Chart Lab Explains How to do Fundamental Analysis of Stocks

Fundamental analysis is what value investors do best and is how they make their decisions.  Fundamental analysis refers to the set of techniques investors use to determine a company’s intrinsic value and determine if the current valuation is over or undervalued to identify companies potentially worth owning a stake in.

Primary Factors in Fundamental Analysis

These are the primary factors to consider when conducting fundamental analysis:

  1. What is the company’s revenue?
  2. Is it growing?
  3. Are they making a profit?
  4. Are they increasing indebtedness or paying off debt?
  5. What are their turnover rates?
  6. Does management take care of employees?

Each one of these questions can be a giant rabbit hole you can fall down but at the end of the day the question one is really trying to answer boils down to this:

What is this company really worth? 

if the result is below the stock price then it’s a good value buy, if it’s above, it just means it’s perceived as overvalued but this is not necessarily a bad thing ether.

The Goal: Finding the Intrinsic Value of the Stock

Intrinsic value just means the “real” worth of a company without the hype of the market, for investors this is what they thrive off and is actually the methodology of Warren Buffett’s investing strategy.

The Value investor is constantly on the look out for stocks that are trading at a marginal discount to their intrinsic value. The thought process is that the stock price given by the market does not always accurately reflect the true value of a stock and is seen as a value buy.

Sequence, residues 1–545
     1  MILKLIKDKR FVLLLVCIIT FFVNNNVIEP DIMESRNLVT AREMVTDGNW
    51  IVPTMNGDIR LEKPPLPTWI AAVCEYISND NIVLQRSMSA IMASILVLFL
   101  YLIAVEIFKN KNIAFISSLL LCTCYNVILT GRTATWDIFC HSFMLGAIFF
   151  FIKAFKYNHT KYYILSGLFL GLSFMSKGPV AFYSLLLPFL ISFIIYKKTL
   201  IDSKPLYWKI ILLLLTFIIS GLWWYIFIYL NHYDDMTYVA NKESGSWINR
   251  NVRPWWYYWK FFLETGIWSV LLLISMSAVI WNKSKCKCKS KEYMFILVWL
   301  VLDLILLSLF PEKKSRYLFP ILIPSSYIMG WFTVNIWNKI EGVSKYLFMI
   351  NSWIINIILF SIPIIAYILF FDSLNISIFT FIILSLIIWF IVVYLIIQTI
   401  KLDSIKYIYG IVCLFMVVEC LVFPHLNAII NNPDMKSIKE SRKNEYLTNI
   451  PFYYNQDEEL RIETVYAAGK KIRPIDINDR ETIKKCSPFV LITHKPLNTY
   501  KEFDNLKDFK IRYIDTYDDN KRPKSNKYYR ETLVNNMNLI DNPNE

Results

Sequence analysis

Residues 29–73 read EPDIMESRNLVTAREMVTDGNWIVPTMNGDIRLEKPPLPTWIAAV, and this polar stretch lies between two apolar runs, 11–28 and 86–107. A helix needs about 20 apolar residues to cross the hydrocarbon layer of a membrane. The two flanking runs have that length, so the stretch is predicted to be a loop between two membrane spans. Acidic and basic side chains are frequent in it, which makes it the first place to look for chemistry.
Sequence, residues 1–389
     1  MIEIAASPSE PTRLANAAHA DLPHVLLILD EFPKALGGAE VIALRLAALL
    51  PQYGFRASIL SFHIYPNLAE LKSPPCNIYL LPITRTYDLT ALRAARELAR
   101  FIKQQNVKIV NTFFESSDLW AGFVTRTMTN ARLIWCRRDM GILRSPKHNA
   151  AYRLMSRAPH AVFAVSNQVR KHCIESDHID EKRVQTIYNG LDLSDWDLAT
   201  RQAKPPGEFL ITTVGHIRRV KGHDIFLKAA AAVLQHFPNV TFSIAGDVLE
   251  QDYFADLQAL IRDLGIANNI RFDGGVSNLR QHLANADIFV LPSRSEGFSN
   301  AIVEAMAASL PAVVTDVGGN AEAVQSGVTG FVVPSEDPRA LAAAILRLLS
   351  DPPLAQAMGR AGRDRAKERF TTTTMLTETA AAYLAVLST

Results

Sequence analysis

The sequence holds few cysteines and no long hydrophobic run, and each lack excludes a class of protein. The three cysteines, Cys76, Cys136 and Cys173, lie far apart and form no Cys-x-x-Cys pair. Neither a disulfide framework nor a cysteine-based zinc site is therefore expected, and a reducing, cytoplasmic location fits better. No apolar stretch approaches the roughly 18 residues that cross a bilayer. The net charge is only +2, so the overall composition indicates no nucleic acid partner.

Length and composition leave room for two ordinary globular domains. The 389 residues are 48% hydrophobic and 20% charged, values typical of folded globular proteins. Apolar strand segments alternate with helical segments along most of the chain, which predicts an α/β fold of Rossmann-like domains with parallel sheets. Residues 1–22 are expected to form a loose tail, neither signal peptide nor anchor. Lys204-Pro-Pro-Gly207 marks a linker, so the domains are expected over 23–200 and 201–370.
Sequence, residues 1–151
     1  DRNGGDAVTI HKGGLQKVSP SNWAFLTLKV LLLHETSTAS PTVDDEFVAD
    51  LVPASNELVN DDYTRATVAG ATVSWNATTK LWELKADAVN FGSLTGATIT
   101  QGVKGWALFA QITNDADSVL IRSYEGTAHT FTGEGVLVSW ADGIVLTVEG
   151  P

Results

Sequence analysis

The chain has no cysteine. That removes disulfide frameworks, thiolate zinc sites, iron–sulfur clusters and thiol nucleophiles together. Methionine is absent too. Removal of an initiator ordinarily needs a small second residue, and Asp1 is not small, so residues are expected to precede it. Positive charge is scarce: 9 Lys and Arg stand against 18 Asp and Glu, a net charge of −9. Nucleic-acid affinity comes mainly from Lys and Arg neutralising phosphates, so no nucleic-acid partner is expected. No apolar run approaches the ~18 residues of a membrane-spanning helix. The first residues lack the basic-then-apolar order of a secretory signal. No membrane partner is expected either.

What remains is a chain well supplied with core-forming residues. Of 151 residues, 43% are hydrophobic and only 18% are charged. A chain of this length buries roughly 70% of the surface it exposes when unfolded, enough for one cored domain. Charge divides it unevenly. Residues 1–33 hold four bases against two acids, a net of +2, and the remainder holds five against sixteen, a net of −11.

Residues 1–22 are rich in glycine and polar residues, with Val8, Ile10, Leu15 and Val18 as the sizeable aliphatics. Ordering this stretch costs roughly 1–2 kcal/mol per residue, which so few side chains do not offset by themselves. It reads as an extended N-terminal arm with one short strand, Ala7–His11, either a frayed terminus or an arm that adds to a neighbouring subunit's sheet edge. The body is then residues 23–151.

This can happen for multiple reasons for example a temporary lag from the market to price in new information, or maybe if to a market overreaction to company news news. This will cause potentially a detachment of a stock from its true value. Stock analysis based on the fundamentals of the company aims to find the variance between the value and the price.

The following methods are ways to determine the true value of a company.

Balance Sheet Analysis

If you can calculate the Net Current Asset Value (NCAV) of a company by digging into the financial statements of a company to assess its finances then this will be the most straightforward way to find a companies true value.

Net Current Asset Value ( Created by Famous value investor Ben Graham) was a way of understanding intrinsic value and whether or not a company was trading at a fair price. Net Current Asset value is simply the difference between current assets and liabilities and gives an investor a sense of what a company is worth if it had to be liquidated.

Trade Tip

Investor Ben Graham recommends calculating NCAV per share, and buying businesses if they were trading at prices lower than two-thirds of NCAV per share.

Comparable Company Analysis

Another proven method of estimating intrinsic value is by doing a comparable company analysis or ratio analysis. You basically assess a company in comparison to the other companies in its industry or sector.

Many Wall Street analyst use comparable analysis, judging a company within a peer group across different multiples or metrics to get a sense of whether or not a company is over or undervalued, for example comparing Visa to Mastercard.